Most smartphones these days come with bloatware in some form or the other, and users can’t uninstall those apps and services. Such apps not only take up additional storage space, but they are also used for marketing activities and push unnecessary notifications. However, smartphone OEMs might have to offer users an option to uninstall bloatware.
According to a report from the Financial Times, the European Union is planning to pass an act that forces smartphone OEMs to allow users to uninstall the bloatware that comes pre-loaded on the devices. The Digital Services Act, which aims to tackle big technology companies like Amazon, Apple, and Google, is expected to be passed by the end of this year. Some measures prescribed in the draft version of the act include stopping brands from using data collected on their platforms for their own commercial activities unless they make it “accessible to business users active in the same commercial activities.”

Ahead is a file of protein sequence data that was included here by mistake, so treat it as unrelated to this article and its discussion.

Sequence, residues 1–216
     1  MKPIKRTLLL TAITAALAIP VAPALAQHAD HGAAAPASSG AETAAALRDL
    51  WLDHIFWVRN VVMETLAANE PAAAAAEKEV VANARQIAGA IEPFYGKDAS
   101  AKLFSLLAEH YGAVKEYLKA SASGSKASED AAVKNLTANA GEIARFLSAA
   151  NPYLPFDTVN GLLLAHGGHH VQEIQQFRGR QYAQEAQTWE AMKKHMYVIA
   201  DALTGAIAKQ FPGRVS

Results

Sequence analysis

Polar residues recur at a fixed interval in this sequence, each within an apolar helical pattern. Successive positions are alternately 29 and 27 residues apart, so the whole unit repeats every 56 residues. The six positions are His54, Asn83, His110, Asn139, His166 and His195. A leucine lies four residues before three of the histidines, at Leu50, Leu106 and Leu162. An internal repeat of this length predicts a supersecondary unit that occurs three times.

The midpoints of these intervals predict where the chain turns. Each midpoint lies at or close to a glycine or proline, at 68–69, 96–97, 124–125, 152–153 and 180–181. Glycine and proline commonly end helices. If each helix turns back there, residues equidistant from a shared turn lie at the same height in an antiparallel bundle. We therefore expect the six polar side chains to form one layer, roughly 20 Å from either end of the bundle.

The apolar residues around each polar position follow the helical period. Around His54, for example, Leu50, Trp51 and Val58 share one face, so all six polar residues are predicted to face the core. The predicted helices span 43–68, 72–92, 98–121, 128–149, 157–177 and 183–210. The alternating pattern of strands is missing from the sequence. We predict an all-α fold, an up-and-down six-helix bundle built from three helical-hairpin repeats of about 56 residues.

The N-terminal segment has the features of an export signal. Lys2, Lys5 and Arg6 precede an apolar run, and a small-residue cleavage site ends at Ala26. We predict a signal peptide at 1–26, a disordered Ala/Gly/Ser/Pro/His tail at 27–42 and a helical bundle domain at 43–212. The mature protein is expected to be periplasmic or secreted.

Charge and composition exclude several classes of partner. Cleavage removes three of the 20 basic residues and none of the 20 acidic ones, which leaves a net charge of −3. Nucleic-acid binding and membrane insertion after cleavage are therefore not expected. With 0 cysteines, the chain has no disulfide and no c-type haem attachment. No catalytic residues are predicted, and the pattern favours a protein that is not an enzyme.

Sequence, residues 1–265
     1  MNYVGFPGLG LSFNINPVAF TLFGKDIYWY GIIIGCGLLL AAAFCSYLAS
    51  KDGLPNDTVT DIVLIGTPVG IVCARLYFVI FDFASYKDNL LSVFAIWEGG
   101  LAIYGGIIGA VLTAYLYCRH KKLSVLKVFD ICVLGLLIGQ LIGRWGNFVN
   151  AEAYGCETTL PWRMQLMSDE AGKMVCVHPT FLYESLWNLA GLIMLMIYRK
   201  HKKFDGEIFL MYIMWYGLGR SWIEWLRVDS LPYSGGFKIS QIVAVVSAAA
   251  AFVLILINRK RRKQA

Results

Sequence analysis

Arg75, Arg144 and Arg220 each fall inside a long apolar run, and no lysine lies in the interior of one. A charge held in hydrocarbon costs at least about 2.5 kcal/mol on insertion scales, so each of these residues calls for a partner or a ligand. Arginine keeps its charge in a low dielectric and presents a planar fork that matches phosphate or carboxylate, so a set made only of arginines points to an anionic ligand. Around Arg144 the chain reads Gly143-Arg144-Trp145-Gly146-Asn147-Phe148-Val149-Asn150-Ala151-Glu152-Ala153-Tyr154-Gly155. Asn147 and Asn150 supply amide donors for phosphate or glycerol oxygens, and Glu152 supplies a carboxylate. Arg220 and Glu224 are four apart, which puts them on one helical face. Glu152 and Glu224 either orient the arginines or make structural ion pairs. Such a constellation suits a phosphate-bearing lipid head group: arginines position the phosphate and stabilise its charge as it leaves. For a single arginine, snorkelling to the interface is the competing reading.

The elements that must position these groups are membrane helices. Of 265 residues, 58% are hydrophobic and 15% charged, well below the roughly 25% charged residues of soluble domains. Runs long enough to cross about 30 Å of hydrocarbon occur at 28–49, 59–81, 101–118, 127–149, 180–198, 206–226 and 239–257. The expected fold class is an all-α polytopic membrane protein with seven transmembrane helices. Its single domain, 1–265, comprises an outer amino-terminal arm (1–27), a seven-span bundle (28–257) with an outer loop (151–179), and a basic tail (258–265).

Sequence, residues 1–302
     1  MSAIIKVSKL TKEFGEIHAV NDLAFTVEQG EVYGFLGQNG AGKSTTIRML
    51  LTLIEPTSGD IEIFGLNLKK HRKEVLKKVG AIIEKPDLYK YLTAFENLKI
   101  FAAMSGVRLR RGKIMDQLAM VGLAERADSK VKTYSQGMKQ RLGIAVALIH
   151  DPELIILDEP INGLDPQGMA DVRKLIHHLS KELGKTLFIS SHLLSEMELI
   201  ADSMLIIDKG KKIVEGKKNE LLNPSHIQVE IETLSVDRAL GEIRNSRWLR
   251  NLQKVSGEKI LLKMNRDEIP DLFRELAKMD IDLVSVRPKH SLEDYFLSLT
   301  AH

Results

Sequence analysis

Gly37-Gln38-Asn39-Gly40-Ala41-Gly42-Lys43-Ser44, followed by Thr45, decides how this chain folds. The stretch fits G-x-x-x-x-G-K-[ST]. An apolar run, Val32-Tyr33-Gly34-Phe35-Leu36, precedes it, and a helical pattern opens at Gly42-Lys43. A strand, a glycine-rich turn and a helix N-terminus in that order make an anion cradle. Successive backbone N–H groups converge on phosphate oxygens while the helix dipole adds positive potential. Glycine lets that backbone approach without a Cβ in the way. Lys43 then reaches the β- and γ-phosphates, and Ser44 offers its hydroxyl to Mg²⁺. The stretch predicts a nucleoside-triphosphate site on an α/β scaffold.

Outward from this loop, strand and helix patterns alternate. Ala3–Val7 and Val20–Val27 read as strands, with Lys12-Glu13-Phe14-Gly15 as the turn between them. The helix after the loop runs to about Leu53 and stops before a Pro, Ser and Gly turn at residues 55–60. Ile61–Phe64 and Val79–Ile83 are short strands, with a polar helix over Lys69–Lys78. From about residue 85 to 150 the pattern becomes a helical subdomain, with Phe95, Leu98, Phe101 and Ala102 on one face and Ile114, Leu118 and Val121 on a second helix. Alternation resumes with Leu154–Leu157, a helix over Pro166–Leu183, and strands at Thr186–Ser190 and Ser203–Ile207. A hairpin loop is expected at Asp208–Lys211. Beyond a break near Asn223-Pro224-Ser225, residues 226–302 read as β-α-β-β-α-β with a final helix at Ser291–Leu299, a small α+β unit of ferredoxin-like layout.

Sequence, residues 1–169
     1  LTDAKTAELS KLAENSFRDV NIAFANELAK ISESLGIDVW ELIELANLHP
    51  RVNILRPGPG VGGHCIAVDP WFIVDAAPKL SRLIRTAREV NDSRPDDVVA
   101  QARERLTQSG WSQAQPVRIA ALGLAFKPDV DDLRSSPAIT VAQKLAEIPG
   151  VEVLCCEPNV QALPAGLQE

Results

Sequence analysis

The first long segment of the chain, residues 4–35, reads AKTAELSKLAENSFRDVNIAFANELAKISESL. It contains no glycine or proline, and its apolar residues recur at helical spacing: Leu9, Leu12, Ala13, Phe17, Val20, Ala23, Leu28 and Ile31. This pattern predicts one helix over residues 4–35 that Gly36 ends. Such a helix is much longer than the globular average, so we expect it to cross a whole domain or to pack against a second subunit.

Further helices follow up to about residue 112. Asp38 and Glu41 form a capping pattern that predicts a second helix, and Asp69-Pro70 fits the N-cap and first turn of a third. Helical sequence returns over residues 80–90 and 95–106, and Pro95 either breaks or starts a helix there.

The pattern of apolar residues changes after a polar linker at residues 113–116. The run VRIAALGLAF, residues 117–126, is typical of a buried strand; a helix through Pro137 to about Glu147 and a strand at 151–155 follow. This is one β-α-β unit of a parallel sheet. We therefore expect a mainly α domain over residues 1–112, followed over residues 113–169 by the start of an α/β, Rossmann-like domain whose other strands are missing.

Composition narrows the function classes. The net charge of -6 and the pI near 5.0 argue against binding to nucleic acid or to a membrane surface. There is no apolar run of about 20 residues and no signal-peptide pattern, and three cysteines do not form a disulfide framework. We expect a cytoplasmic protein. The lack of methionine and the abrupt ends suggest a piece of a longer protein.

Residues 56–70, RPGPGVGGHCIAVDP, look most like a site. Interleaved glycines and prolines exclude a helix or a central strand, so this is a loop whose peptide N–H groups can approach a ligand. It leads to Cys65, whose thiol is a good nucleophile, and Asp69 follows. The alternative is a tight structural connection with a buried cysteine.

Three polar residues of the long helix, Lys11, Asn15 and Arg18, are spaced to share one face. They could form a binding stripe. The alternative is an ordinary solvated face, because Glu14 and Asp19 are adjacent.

The act also talks about prohibiting gatekeeper platforms (Google’s Play Store and Apple’s App Store) from using advertising data they collect from other businesses on the platform for any purpose other than advertising services. Moreover, the act also stops big tech companies from giving preferential treatment to their own services. If this act is passed, it could affect brands like Samsung, Xiaomi, and others who pre-load their own app stores and alternative apps. For example, apart from Google’s and its own apps, Samsung also pre-loads apps from Microsoft and Facebook.